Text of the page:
Welcome to Missile.Exchange, a ballistic missile defense (BMD) and interceptor modelling project created by Scott LaFoy and programmed by James Kelly.

How it Works

Missile.Exchanges visualizes some of the modes and math covered in the academic works of Dean Wilkening, Eric Larson, Glenn Kent, Keir Lieber, and Daryl Press.

On the defensive side, Missile Exchange uses what is called “the simple model” of ballistic missile defense. The model is outlined in Wilkenings’s “A Simple Model for Calculating Ballistic Missile Defense Effectiveness” and “How Much Ballistic Missile Defense Is Enough” and Larson and Kent’s RAND paper “A New Methodology for Assessing Multilayer Missile Defense Options

On the offensive side, the equations are drawn from Keir Lieber and Daryl Press’s “The Nukes We Need”, as well as Samuel Glasstone and Philp Dolan’s The Effects of Nuclear Weapons.

But why?

There is no easy-to-use tool for rapidly simulating generalized BMD architecture. Especially with the vibrant discussion over the deployment of THAAD in South Korea and Aegis Ashore in Romania, it became apparent that ballistic missile defense was hard to conceptualize and it would be helpful if a tool existed that allowed for toying around with BMD architecture.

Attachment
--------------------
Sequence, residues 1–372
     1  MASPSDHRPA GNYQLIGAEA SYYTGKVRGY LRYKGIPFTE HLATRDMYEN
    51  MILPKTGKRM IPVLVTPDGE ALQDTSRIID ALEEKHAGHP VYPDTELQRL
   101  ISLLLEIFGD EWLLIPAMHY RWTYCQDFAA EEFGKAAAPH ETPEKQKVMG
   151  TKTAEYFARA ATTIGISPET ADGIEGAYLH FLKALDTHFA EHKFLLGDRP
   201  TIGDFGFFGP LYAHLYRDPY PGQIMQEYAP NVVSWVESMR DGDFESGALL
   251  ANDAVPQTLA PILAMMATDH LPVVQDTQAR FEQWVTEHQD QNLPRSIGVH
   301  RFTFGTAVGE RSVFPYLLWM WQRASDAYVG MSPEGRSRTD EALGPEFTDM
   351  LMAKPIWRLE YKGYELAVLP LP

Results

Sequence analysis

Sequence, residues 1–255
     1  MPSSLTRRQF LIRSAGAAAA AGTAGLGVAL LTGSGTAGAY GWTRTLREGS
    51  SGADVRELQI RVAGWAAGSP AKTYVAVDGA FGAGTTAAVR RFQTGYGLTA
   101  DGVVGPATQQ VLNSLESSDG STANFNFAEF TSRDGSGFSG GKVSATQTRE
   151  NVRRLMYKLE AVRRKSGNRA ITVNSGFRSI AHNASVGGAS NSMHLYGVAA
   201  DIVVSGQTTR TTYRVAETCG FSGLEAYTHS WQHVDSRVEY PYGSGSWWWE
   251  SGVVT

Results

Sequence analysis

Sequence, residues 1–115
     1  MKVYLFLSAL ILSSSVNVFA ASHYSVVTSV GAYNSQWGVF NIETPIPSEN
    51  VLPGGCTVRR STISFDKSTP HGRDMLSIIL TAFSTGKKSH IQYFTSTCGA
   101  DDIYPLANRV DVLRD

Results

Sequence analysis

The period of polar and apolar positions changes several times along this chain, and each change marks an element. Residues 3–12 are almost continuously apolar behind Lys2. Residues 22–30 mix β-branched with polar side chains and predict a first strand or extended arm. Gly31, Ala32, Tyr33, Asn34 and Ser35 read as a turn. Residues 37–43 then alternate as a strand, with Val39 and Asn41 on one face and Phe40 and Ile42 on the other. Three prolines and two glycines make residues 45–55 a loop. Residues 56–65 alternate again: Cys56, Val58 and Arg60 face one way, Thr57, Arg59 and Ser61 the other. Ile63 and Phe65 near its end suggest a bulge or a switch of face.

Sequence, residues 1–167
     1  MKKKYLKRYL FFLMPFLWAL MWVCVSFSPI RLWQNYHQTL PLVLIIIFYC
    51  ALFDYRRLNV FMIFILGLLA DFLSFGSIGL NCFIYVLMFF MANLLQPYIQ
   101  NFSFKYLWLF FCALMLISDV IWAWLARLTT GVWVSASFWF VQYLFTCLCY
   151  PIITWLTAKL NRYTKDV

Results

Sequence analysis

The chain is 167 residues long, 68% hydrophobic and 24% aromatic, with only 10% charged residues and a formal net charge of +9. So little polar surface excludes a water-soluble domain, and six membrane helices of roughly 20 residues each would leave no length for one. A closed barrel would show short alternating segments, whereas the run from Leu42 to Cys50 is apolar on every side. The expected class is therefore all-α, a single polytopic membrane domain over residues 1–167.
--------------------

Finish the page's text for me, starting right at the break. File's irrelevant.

Alex Wellerstein’s NUKEMAP is a fantastic tool for simulating nuclear bomb effects, and was an obvious inspiration for this project. Just as NUKEMAP provides a well-sourced and useful means of rapidly simulating multiple different scenarios, Missile Exchange aims to allow users to experiment with missile defense architectures.

Future Additions:

There is a long list of future desired features for Missile.Exchange. Most are not actually difficult, but screen real estate is limited and new ways of squeezing in more data can be difficult…

New models and model switching:

  • A different ‘simple’ model, as outlined by James Scouras
  • More complex models
  • Air burst nuclear offensive options

More granular tracking probabilities

  • Differentiate radars
  • Disaggregate a radar’s ability to track individual target and decoy types (i.e. how well can the SBX track the warheads from an RT-2PM2 Topol-M and an RSM-56 Bulava and can it discriminate these warheads from their accompanying decoys)
  • Disaggregate interceptors’ intercept capabilities vs. differing incoming targets (i.e. how well a given interceptor performs against separating vs. nonseparating targets)

Sites and unit management

  • Drop in radars, offensive/defensive batteries